Nishinoshima – The Pacific Ring of Fire’s new Volcanic Island.

The Pacific Ring of Fire

 

The Ring of Fire is a 25,000 mile (40,000 km) horseshoe-shaped area of intense volcanic and seismic activity that follows the edges of the Pacific Ocean. Receiving its fiery name from the 452 active and dormant volcanoes that lie within it, the Ring of Fire includes 75% of the world’s active volcanoes and is also responsible for 90% of the world’s earthquakes.

Some of the famous volcanic belt involve-The Andean Volcanic Belt, South America;Trans-Mexican Volcanic Belt, Mexico; Cascade Volcanic Arc, United States of America; Aleutian Islands, Alaska; Mt. Fuji, Japan; Krakatoa, Indonesia Island Arc; Mt. Ruapehu, Taupo Volcanic Zone, New Zealand.

Nishinoshima is part of the Ogasawara Islands, in the Volcano Islands arc. It is located at 27°14’ North latitude and 140°52’ East longitude, about 130 kilometers (80 miles) from the nearest inhabited island.

Volcanic activity along the western edge of the Pacific “Ring of Fire” gave rise to a tiny island in late November 2013. Since then, the new island has fused with nearby Nishinoshima and continued to grow. When it was last measured by the Japanese coast guard in 2013, the island covered 1.89 square kilometers (0.73 square miles). Its highest point was 100 meters (328 feet) above sea level.

False color image of Nisinoshima using Operational Land Imager (OLI) on Landsat 8.

A false-color image (top) was acquired on June 21, 2015, by the Operational Land Imager (OLI) on Landsat 8. It combines shortwave infrared, near infrared, and green light (OLI bands 7-5-3). With this band combination, the plume of steam and sulfur dioxide appears white. Sea water is navy blue, and hot spots of lava are red. The lava is flowing toward the southeast part of the island through tubes that prevent OLI from detecting it until it emerges in a lava delta at the edge of the island.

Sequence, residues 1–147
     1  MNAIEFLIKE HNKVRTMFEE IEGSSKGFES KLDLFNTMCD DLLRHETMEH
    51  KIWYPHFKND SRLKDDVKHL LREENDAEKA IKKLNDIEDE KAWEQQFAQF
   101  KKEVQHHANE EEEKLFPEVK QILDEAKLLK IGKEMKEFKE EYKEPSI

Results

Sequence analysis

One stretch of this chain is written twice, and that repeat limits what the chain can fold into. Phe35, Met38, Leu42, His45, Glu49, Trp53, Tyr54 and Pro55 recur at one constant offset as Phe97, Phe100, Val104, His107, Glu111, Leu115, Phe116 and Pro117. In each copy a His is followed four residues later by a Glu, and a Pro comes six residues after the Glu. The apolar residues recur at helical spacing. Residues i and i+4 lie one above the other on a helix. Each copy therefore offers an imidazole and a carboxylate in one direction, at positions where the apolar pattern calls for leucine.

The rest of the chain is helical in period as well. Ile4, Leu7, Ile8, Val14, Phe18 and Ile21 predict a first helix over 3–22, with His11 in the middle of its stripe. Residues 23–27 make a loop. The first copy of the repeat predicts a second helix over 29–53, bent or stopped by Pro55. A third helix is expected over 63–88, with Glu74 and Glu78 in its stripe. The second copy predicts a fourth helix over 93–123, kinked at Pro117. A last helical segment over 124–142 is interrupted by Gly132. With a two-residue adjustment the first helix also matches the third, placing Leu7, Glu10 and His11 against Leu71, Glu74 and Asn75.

Nishinoshima Volcanic Island in 2015

The island, measured 2.45 square kilometers (0.95 square miles) in 2015, which offers ecologists a unique opportunity to study how life colonizes new islands. Ocean currents and bird waste will likely play key roles in paving the way for new ecosystems. Plants will arrive via currents, meanwhile, birds will bring the building blocks of soil by dropping waste, feathers, and bits of food on the otherwise barren volcanic rock.

 


This image of fresh lava was created on April 19, 2017, by combining data from the Thermal Infrared Sensor (TIRS) and Operational Land Imager (OLI) on the Landsat 8 satellite. Warmer areas—such as lava flows—appear brighter.

AcnowledgemetsThe author is thankful to Asahi Shimbun (2014, November 19) Still-smoldering Nishinoshima island in Ogasawara chain expected to keep growing. Accessed December 2, 2014. Global Volcanism Program (2014, November 19) Nishinoshima. Accessed December 2, 2014Image courtesy-NASA Earth Observatory image by Jesse Allen, using Landsat data from the U.S. Geological Survey.

 

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